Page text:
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Leave Your Mobile Battery Behind with Charge-Spot

May 29, 2018

Back in the days of flip phones, Japan what noted for having some seriously nice phones that could do almost anything our smartphones can do now. We were sending email, downloading music, watching TV and paying for train rides on them while the rest of the world was still oohing and ahhing over text messages. And while I’m not too sad about having to remember how to switch between Japanese and English text input when typing on a dial pad, I do miss the three days or more battery life I used to get out of my old Casio G-Shock “gala-kei”.

Firmly locked into the world of smartphones and life in Tokyo means I am used to toting around a mobile battery, USB charger and searching for power outlets in the corners of shopping malls and stores. One good thing about Tokyo is you can find a branch of one of the major cellphone carriers everywhere, and they’ll let you charge your phone if you’re a customer. But what happens if you’re out for a night and they’re closed plus you forgot your gear? Well now there’s the option of mobile battery rental.

Enter Charge-Spot, a Hong Kong based company that has just begun placing their automated kiosks around Shibuya and Shinjuku to aid in the fight against smartphone battery drain. Their machines work in concert with a smartphone app to dole out portable power packs that you carry with you and return in any other kiosk when finished. It’s a system quite similar to bicycle and car share systems, and the automated DVD rental machines seen in my native USA. Add this one to the list of “why has this not been done before” because in a town like Tokyo, a dead smartphone will kill your professional and social life quicker than anything else.

How does it work?

  • The first step is to download their app and install on your phone or tablet; iOS and Android are supported.
  • Next, simply register with their system with your phone number. No need to even have a username or password here. (I wish more systems were like this since I know I won’t get blasted with spam later.) You can also choose to use Facebook as your log in as well (which you must do if you don’t have an SMS option. More on why that’s a thing later.)
  • You’ll need to pay a ¥1,500 deposit via the Visa/MasterCard of your choice or use Apple Pay if you have an iPhone. The deposit is refundable at anytime.
  • Then when your getting the “low battery” warning next time, just check the app to see the location of the nearest kiosk along with the status of available batteries.
  • When you get to the kiosk, scan its QR code with the app and a battery pack should pop out along with the timer starting on the app for your rental period.
  • When you’re ready to return it, just check the app again to see where a kiosk with available empty slots is located near where you are, go there and drop the battery pack in the return slot. Done!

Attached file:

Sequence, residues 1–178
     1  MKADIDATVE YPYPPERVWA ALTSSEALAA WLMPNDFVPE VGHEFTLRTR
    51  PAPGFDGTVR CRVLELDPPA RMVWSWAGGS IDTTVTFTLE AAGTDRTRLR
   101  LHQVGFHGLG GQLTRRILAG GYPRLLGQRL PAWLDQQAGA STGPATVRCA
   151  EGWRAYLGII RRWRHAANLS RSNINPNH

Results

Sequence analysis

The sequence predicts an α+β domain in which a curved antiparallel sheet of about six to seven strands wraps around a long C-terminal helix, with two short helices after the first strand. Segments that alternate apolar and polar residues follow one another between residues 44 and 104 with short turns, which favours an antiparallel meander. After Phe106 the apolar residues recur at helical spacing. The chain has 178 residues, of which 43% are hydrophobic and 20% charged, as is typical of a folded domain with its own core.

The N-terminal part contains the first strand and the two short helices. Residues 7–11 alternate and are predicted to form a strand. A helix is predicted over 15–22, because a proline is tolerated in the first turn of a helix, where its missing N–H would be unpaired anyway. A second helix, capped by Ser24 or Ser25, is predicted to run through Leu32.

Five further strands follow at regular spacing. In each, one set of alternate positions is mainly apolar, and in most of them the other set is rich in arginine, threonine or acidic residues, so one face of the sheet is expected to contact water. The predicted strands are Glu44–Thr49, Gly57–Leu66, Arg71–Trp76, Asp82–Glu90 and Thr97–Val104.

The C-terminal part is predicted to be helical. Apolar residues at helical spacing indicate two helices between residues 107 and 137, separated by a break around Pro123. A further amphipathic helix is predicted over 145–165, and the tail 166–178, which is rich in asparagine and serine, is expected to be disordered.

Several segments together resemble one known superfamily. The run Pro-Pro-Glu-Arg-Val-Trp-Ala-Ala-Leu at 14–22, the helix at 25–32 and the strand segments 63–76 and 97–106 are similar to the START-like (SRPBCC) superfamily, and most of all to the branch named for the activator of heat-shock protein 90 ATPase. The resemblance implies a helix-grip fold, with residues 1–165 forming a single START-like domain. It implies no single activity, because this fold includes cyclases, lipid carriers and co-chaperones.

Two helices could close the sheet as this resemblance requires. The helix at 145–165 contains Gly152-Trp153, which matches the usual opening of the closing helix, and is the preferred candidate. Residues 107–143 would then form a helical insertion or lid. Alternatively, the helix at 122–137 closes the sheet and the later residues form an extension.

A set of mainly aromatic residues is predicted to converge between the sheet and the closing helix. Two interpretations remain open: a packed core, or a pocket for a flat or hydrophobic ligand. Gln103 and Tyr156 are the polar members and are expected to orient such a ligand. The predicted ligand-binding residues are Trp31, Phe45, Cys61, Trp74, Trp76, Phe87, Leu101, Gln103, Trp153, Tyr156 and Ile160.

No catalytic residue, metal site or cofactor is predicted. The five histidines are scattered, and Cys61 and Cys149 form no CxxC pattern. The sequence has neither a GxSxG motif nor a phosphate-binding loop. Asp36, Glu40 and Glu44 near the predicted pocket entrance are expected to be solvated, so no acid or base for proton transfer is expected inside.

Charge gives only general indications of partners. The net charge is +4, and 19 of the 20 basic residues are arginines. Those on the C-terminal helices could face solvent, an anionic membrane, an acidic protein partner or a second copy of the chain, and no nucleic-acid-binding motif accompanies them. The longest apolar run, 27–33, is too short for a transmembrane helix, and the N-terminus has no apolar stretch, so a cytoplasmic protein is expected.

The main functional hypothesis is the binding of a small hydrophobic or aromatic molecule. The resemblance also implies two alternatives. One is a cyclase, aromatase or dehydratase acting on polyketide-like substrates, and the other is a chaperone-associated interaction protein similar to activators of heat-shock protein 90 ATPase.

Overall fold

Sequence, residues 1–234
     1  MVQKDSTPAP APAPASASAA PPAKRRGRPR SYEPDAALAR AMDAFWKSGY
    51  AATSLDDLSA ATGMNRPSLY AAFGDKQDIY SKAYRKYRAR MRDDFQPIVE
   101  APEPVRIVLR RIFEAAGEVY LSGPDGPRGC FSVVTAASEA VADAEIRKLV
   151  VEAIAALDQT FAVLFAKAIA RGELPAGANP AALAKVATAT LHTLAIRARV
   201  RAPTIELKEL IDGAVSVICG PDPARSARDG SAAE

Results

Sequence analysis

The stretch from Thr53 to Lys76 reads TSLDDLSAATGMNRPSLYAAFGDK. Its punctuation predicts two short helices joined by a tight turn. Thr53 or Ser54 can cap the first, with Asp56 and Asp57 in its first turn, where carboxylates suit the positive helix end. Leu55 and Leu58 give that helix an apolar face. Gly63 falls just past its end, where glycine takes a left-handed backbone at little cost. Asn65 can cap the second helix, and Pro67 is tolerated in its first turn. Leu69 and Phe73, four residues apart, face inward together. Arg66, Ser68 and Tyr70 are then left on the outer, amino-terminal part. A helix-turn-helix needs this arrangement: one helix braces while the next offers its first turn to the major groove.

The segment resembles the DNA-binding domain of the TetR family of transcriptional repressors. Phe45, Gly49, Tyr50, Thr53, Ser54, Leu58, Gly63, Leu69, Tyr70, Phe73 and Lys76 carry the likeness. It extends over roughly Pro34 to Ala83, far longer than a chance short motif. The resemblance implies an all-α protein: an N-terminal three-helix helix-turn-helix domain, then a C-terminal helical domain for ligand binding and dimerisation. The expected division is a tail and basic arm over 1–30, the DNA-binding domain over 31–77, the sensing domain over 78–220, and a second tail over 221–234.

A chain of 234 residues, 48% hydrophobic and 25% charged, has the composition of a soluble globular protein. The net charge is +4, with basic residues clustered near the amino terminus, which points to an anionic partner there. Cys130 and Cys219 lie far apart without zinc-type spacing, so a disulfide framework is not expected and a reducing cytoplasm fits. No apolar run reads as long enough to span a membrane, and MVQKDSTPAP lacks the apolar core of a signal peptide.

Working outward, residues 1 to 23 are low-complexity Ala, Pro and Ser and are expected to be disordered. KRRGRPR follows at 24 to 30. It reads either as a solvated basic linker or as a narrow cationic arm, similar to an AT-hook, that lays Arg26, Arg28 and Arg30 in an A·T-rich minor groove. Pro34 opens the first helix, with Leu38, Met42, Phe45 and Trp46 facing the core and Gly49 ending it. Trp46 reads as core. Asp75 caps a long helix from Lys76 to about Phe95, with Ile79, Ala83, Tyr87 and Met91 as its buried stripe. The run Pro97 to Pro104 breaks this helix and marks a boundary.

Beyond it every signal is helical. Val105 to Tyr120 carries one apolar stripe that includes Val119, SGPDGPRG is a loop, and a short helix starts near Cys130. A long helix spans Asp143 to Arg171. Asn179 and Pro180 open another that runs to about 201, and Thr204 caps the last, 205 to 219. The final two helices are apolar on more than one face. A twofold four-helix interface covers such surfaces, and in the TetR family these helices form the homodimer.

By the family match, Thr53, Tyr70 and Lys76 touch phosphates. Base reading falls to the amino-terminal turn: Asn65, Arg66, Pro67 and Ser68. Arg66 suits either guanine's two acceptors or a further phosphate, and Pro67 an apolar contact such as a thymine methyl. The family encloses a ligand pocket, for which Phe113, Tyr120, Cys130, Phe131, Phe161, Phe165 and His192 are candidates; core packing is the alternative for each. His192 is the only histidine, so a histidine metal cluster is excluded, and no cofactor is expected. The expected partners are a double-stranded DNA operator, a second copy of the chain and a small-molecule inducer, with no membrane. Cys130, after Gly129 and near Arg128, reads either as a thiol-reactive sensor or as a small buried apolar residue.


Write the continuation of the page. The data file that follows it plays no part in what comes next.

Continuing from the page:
What are the “gotchas?”

Mostly none actually, but there are a few things to consider:

You need a phone with working SMS to get the text message that registers you on their system. If you have regular Japanese voice/SMS/data contract here, you’re good. But if you are a short-termer using your phone from home, check to see if you can receive SMS messages in Japan. If you’re using a prepaid data-only SIM then you are outta luck; there’s no other way other than the Facebook linking to verify without a text message.

Also the deposit is only using certain credit cards or Apple Pay. If you have AmEx or JCB or nothing at all, you’re benched.

How much does it cost?

Well they are giving a generous amount of credits to try their service right now. I got about ¥2000 in coupons upon registration in the app. Also the fees are pretty good— ¥100 for one day, ¥200 for two. Don’t let it go past that, or there goes your deposit, and you have a brand new battery pack that you can’t recharge since only the kiosks have the capability to do that. Also remember, as I said above you can get your deposit back anytime, so this is great if you find yourself stuck without options one day, but normally have your own charger and battery other times.

How about the actual battery pack, what are the specs?

The battery packs themselves are 4800mA which can charge the average phone from dead to full twice at least. The pack has Micro USB, USB-C and Apple’s Lightning connectors on them so pretty much everything is covered.

Where can I find it?

Only Shibuya, Harajuku and Shinjuku have kiosks for now, but the plan is to expand across to major places inside the Yamanote Loop then around to other parts of Tokyo and Japan soon. Access http://charge-spot.net for instructions, download links and more.

 


– By Jason L. Gatewood
Images: Charge-Spot app screen shots

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